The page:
4. I read an interesting article about how the New York Times home page is created each day. I was surprised to read that Web stats had no bearing on what was put on the home page of the site. What is your recommendation on using analytics as a guide for pushing content?

Web analytics can be a great aid in discovering trends or catching topical interest on the rise. However, I don’t think it would be particularly effective in helping to determine home page content. Home page news moves too fast. Personally, I use Web stats to unearth SEO opportunities for the mid- to long-term. When I find something of interest, I forward the data to the editorial chiefs and leave it in their capable hands to determine whether there’s a place for it. Oftentimes that ends up being a hand-rolled topics page – a long-term traffic driver. I also encourage the editorial staff to keep a close eye on Google Trends, Twist (for Twitter) and Facebook Lexicon, to determine if there is buzz growing around a particular subject.

5. What recommendations do you have for publishers looking at the social media realm? Would you say rules are a little different there for publications than for other kinds of companies or individuals?

At their core, the job of news publications is to inform their community about news, events, issues, etc. – be it locally or globally. Although the means through which we distribute that information may have changed with the advent of the Internet, the spirit still remains. Therefore, news publications should embrace social media as a valuable tool for disseminating information to their community.

As for rules specific to newspapers, there are a few best practices, which carry over from the traditional media, such as refraining from endorsing political issues on Twitter or “friending” political candidates on Facebook. If you are a news “personality,” segregate your public and personal Twitter or Facebook accounts and keep your private stuff private. Beyond that, most rules around social media are merely cultural adaptations that news organizations need to get comfortable with – being more agile, learning to try new things, and not shying away from new technologies. That includes mobile and video as well.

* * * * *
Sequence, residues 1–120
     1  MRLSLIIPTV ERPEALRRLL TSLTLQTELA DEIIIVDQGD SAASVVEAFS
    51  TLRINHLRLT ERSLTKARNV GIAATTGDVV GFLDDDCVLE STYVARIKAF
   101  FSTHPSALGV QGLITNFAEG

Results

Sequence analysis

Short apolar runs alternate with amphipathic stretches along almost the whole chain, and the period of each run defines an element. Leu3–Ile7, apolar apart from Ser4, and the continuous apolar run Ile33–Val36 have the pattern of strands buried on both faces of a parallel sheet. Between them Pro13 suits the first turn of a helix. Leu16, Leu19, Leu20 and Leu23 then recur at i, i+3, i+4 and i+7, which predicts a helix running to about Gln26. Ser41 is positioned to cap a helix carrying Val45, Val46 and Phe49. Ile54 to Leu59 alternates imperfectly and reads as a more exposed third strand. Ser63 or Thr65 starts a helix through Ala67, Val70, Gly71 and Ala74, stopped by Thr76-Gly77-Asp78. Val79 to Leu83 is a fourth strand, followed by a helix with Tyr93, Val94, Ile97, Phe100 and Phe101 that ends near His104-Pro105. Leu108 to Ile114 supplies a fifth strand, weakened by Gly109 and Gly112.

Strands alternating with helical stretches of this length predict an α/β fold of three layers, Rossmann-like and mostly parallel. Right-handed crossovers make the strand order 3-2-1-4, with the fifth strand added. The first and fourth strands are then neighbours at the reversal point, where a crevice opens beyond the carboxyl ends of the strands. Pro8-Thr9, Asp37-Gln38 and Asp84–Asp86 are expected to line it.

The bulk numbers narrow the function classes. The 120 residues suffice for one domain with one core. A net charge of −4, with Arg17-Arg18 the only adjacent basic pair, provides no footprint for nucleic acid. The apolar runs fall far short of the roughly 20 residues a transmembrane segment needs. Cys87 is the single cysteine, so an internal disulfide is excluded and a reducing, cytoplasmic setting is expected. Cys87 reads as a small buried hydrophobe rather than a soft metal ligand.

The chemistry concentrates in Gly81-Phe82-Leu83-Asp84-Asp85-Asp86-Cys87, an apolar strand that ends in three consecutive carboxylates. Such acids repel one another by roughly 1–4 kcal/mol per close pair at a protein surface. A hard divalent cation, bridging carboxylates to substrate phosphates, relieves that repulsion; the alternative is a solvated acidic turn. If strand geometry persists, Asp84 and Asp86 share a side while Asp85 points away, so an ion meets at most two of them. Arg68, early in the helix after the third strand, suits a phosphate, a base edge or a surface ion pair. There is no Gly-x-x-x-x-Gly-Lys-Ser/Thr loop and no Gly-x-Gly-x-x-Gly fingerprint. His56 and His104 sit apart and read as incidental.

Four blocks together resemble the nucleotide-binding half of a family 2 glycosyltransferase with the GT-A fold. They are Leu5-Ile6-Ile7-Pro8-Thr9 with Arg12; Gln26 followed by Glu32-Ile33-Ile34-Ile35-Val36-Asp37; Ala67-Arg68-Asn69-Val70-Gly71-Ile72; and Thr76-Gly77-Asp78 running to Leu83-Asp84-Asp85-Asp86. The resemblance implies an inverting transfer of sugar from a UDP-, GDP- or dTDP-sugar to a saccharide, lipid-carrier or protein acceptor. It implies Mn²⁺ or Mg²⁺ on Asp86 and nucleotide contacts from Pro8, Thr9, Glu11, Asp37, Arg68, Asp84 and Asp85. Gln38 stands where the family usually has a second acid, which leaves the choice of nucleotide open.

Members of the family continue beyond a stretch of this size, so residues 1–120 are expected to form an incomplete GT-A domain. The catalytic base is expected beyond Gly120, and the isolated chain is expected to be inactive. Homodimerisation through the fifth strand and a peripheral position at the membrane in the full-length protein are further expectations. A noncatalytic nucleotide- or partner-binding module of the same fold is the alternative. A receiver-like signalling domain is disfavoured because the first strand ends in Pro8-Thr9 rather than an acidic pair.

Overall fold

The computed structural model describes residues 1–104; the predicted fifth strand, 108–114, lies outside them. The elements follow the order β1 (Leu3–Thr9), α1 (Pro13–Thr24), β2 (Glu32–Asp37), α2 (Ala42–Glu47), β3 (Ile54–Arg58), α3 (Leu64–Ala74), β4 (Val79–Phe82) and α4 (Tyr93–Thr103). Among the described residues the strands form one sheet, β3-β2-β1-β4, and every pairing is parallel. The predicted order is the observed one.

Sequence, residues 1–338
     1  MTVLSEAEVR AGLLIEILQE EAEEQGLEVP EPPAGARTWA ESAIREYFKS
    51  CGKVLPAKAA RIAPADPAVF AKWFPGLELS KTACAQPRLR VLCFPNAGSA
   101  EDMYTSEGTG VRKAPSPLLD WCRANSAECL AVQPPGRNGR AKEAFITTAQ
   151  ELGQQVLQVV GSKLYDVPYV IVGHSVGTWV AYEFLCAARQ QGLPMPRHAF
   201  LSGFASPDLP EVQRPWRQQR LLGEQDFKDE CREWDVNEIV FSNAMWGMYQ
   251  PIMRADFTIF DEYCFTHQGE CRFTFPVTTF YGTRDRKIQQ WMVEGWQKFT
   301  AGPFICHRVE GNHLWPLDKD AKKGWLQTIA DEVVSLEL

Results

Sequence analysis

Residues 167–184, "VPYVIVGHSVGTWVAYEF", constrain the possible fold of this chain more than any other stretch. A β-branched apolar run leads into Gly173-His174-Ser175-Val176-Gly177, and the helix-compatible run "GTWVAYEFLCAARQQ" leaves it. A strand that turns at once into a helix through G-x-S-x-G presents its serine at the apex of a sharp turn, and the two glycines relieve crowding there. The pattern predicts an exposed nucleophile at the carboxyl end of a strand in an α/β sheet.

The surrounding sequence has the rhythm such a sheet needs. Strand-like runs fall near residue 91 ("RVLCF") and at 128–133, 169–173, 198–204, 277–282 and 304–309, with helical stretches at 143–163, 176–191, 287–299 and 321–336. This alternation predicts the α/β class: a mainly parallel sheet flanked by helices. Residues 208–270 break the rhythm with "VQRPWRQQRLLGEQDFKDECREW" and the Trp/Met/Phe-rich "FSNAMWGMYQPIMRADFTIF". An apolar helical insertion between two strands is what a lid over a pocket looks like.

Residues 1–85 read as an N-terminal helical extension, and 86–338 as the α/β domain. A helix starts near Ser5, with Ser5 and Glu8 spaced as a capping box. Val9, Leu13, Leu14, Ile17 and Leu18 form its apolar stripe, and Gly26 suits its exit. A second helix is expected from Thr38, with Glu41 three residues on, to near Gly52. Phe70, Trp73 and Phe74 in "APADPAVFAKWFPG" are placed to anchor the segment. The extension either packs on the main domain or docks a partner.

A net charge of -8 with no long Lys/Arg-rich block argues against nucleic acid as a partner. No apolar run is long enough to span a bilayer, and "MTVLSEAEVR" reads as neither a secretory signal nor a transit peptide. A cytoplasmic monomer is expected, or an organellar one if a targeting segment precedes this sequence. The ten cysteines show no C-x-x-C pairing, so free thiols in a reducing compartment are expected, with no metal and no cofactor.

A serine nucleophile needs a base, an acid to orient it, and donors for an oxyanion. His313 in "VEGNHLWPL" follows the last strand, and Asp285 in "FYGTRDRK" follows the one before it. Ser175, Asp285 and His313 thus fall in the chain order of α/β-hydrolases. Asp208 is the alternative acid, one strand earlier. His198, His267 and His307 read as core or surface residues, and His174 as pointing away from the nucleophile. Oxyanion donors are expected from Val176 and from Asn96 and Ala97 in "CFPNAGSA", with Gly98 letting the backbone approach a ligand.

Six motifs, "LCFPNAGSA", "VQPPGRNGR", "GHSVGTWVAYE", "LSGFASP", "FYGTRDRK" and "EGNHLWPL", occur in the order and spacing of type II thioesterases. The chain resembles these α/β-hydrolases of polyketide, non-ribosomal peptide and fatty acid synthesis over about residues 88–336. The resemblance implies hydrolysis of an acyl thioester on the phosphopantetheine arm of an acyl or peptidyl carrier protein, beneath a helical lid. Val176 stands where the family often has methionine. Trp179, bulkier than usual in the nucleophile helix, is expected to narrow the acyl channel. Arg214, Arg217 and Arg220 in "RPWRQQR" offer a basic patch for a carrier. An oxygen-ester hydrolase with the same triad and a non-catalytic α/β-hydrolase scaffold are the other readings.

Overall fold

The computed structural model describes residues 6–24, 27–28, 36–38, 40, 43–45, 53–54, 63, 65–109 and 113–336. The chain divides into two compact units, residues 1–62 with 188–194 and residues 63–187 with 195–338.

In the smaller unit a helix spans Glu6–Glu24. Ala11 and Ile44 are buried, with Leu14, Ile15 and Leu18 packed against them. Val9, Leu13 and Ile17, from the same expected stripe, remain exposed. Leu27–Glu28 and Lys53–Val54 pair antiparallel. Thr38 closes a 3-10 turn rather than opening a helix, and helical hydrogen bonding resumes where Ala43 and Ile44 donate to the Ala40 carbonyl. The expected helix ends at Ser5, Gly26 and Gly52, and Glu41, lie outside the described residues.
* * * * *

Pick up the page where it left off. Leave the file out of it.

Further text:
6. Are there any sessions at SES that you plan not to miss? Where can people track you down while in San Jose?

That’s a tough question. There are so many great SES sessions from which to choose. I always enjoy the “SEO Tools of the Trade” sessions and would be sure to get some great tips on the latest cool tools. Unfortunately, that session is happening at the same time as mine, so I’ll have to catch up on the recaps afterward.

Also, “The Advanced SEO Roundtable: What is it Really?” session looks terrific. It’s got a top-notch lineup and Bruce Clay, Matt Bailey, Mike Grehan, Todd Malicoat and Todd Friesen are sure to deliver a lively debate.

Of course, I wouldn’t miss the In-House SEO session with Jessica Bowman, Melanie Mitchell, and Laura Lippay.

Where can I be found? I’ll probably be wandering around looking for replacements for The Google Dance (I hear WebmasterRadio.FM is throwing a great bash). It might be easiest to just e-mail me at afabella [at] ajc [dot] com. Also, in addition to the “Stop the Presses” session at 3 p.m. Tuesday, you can catch me on the panel of the “News Search SEO” session at 12:45 p.m. Thursday.

Thanks, Allison! The news industry’s adaptation to the online environment represents a common challenge to the traditional business mindsets, so thanks for coming on the blog and sharing these ideas and recommendations.

Virginia Nussey is the director of content marketing at MobileMonkey. Prior to joining this startup in 2018, Virginia was the operations and content manager at Bruce Clay Inc., having joined the company in 2008 as a writer and blogger.

See Virginia's author page for links to connect on social media.

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One Reply to “Six Questions with The Atlanta Journal-Constitution’s Allison Fabella”

Joe Woods

Congrats on the interview Allison!